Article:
“Our boss this summer was some relation to the wife of some of the medicine people Down East. As they had no use for him back there, they sent him out to the ranch, where he would be useful.”
“We started north with the grass. Had thirty-three hundred head of twos and threes, with a fair string of saddle stock. They run the same brand on both ranges–the broken arrow. You never saw a cow-boss have so much trouble; a married woman wasn’t a circumstance to him, fretting and sweating continually. This was his first trip over the trail, but the boys were a big improvement on the boss, as we had a good outfit of men along. My idea of a good cow-boss is a man that doesn’t boss any; just hires a first-class outfit of men, and then there is no bossing to do.”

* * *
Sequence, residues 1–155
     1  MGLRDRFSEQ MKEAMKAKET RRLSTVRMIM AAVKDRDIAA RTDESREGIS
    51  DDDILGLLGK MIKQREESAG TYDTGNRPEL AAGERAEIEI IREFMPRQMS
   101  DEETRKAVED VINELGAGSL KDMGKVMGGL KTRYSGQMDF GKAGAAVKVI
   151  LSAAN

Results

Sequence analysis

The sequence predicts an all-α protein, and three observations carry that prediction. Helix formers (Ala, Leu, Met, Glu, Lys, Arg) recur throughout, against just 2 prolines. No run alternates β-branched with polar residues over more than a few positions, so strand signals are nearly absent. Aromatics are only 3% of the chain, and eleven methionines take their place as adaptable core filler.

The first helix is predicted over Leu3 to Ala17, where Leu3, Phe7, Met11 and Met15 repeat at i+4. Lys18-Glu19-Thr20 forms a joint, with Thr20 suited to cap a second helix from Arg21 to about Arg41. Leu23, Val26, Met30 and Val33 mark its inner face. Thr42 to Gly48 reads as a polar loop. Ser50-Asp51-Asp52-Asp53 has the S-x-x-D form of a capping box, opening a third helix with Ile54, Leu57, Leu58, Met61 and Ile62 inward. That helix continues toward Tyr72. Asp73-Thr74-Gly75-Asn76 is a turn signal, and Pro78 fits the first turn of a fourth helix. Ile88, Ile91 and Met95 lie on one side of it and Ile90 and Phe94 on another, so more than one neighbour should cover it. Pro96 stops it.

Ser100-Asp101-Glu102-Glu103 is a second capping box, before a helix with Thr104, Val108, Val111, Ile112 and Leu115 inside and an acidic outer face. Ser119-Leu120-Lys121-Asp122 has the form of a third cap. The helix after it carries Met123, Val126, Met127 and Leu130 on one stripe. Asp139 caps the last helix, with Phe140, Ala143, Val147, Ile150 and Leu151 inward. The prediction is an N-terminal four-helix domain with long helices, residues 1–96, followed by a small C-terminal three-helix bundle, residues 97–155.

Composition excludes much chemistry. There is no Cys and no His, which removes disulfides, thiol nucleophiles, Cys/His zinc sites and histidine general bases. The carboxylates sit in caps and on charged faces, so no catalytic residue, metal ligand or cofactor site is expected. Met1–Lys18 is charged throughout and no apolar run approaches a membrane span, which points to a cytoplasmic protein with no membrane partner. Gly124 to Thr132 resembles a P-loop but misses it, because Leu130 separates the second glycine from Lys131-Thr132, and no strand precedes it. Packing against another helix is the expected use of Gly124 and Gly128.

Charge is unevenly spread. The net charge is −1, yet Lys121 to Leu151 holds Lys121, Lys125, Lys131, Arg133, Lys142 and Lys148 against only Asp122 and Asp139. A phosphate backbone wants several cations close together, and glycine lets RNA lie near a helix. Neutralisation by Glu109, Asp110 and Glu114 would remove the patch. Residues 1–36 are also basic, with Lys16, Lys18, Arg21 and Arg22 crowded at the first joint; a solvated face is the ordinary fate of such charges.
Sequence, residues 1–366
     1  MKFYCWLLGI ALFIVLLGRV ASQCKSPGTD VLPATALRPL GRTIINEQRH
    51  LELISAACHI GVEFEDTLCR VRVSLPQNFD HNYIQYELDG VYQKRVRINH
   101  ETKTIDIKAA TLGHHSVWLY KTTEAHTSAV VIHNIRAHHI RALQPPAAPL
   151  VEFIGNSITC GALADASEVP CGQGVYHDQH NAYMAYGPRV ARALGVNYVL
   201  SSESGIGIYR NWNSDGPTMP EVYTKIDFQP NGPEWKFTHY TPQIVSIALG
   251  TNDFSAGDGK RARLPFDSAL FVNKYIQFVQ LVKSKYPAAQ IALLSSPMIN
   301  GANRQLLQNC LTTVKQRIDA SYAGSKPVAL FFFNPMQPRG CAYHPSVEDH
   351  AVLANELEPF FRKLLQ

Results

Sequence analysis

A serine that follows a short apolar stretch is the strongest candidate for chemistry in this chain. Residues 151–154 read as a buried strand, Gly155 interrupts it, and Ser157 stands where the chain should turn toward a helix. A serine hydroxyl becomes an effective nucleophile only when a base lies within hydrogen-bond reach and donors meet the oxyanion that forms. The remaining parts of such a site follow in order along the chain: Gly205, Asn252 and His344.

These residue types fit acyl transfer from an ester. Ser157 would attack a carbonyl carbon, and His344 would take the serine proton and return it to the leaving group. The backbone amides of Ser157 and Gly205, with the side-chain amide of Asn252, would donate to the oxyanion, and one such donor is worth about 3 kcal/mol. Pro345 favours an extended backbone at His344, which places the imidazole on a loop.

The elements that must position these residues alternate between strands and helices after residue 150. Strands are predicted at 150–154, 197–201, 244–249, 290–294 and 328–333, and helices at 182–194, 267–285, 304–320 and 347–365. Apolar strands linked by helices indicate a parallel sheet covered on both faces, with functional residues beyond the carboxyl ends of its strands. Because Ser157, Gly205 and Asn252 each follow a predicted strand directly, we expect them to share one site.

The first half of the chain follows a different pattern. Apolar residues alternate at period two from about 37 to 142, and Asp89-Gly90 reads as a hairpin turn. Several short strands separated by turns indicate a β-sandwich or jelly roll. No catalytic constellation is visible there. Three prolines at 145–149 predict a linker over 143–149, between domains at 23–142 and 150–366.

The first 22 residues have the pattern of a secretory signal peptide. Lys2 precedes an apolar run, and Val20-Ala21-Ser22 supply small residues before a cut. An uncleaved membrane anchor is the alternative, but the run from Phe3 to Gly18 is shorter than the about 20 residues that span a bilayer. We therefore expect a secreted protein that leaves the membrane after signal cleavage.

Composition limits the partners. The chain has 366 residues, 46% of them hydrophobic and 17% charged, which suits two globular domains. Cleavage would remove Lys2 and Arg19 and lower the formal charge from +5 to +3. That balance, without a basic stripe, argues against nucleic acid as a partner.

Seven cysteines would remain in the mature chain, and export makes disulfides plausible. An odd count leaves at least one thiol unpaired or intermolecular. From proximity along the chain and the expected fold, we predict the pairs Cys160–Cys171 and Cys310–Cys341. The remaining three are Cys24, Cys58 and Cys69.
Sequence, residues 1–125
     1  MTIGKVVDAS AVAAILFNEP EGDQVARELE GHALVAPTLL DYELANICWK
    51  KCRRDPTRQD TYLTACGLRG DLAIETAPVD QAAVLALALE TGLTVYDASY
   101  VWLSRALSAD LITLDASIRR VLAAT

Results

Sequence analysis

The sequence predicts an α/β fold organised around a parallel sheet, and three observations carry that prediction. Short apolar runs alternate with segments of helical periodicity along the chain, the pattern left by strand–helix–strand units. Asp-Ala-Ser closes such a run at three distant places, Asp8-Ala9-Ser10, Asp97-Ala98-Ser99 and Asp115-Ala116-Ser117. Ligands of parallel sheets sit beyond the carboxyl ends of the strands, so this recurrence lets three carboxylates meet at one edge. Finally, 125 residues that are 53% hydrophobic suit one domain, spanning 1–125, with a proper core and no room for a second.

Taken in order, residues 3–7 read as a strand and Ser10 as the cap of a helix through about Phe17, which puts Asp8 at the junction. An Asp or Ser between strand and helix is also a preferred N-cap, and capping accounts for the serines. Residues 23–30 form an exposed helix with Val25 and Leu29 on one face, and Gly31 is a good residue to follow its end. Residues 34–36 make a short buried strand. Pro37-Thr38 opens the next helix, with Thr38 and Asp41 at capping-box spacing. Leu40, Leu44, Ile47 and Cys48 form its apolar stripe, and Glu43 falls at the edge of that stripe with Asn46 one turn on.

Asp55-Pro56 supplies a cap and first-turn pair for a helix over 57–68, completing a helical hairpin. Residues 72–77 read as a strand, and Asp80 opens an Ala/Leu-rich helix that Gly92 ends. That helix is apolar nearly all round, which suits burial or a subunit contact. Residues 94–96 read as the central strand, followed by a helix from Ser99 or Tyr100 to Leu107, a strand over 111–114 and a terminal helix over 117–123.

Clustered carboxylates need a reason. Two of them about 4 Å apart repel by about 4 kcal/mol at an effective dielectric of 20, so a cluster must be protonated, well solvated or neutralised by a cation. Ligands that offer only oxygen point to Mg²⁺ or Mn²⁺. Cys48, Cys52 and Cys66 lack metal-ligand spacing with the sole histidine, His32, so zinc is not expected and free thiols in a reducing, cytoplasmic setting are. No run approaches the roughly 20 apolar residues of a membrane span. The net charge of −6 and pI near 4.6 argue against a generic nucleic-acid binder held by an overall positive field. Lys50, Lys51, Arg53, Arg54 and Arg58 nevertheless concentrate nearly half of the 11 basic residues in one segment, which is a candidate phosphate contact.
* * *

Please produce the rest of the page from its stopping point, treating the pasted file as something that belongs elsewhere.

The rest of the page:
“We had to keep well to the west getting out of Texas; kept to the west of Buffalo Gap. From there to Tepee City is a dry, barren country. To get water for a herd the size of ours was some trouble. This new medicine man got badly worried several times. He used his draft book freely, buying water for the cattle while crossing this stretch of desert; the natives all through there considered him the softest snap they had met in years. Several times we were without water for the stock two whole days. That makes cattle hard to hold at night. They want to get up and prowl–it makes them feverish, and then’s when they are ripe for a stampede. We had several bobles crossing that strip of country; nothing bad, just jump and run a mile or so, and then mill until daylight. Then our boss would get great action on himself and ride a horse until the animal would give out–sick, he called it. After the first little run we had, it took him half the next day to count them; then he couldn’t believe his own figures.”